Film adaptations of novels, as well as other sources, have existed almost as long as the medium of film itself. Trilby was a best-selling novel in 1895 that was quickly adapted into an 1896 motion picture short entitled Trilby and Little Billee. In 1901 and 1902 a number of notable literary works were adapted for film, including Gulliver’s Travels and Robin Crusoe. Charles Dickens’ A Christmas Carol was adapted seven times as a silent movie before the first talking-film version, Scrooge, was released in 1935.
While many critics and moviegoers agree that the original source material is typically superior to film adaptations, there have been many exceptions to this rule. Steven Spielberg’s Jaws is considered a landmark film, while Peter Benchley’s novel is not discussed beyond its connection to the movie. Chuck Palahniuk, author of the novel Fight Club, went so far as to say David Fincher’s film adaptation made him “embarrassed of the book” because of the improvements made to the story’s plot structure.
Of course, not all authors share this sentiment. Novelist John le Carre described the book-to-film adaptation process as “seeing your oxen turned into bouillon cubes.” J.D. Salinger’s experience with Hollywood is emblematic of Carre’s take: after seeing the film version of his short story “Uncle Wiggily in Connecticut,” Salinger vowed to never sell the film rights to any of his works, including his famous novel The Catcher in the Rye.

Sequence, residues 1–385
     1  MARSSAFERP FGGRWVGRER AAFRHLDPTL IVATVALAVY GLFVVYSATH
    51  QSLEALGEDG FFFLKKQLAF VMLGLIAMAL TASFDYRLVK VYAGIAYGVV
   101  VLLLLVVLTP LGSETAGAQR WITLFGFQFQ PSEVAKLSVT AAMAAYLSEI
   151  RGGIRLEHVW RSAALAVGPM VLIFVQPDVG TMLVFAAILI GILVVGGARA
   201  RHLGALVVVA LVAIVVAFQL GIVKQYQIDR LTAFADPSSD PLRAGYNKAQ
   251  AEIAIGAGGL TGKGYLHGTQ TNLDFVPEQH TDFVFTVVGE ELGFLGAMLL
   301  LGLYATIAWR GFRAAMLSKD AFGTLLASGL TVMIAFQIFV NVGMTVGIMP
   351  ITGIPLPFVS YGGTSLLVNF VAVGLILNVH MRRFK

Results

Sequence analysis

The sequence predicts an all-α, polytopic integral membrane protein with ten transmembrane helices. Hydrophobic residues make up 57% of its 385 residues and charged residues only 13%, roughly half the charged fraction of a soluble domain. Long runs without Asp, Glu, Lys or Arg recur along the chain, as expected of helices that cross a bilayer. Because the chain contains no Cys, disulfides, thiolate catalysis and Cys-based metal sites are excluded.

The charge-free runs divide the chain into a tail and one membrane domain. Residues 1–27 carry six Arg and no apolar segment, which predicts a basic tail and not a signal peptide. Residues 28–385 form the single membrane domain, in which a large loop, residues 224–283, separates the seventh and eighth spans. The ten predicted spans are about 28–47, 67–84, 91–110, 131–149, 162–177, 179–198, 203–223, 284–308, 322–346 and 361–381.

Some authors have had mixed experiences regarding film adaptations of their work. For instance, Bret Easton Ellis has seen five of his novels adapted for the screen, including American Psycho and his debut novel, Less Than Zero.
Speaking about American Psycho, Ellis cited a large gap between the themes of his novel and those presented in Mary Harron and Guinevere Turner’s screenplay for the initial critical reception of the movie, which largely centered on the movie’s graphic violence, sex, and excessive social satire.
On the other hand, his views on the movie version of Less Than Zero have shifted from one extreme to the other over time. Ellis initially refused to watch the film due to the number of liberties taken by the filmmakers. More recently, Ellis has warmed to the on-screen depiction of his semi-autobiographical novel, praising the performance of Robert Downey, Jr., and stating that the cinematography and soundtrack provide a compelling snapshot of a particular moment in American culture.
In fact, rather than becoming disillusioned by the adaptation process, Ellis has expressed interest in Downey Jr. reprising his role in an adaption of the sequel, Imperial Bedrooms, and worked on a Hulu series adaptation of Less Than Zero.
On rare occasions, audiences praise both the source material and adaptation. The Godfather by Mario Puzo is regarded as the definitive gangster novel, while the film adaptation is consistently praised as one of the greatest films ever made.
A number of novel and short story adaptations have been celebrated at the Academy Awards. The first Oscar for Best Writing (Adapted Screenplay) was awarded in 1929. Recent winners include adaptations of Christine Luenen’s Caging Skies (adapted by Taika Waititi as Jojo Rabbit) and The Descendants, adapted by Nat Faxon, Alexander Payne, and Jim Rash from Kaui Hart Hemmings’ novel of the same name.